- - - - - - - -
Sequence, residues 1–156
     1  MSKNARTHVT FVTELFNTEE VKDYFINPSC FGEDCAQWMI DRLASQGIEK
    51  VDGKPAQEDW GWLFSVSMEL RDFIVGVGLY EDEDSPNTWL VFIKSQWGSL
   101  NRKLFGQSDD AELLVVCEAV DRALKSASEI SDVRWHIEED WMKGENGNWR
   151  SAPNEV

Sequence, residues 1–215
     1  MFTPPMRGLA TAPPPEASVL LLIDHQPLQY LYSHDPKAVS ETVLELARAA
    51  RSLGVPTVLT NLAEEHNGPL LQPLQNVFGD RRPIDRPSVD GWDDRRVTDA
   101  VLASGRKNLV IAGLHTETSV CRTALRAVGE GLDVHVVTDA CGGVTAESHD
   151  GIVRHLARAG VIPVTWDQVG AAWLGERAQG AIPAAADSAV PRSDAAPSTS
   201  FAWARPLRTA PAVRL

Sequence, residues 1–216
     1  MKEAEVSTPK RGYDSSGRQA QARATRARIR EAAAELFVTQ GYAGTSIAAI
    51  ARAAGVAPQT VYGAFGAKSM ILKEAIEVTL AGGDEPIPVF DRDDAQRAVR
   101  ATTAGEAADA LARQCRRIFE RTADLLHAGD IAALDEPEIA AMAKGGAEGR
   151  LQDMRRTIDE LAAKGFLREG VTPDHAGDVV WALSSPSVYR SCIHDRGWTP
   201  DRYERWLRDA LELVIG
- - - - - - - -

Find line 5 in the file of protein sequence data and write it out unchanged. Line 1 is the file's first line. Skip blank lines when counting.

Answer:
   151  SAPNEV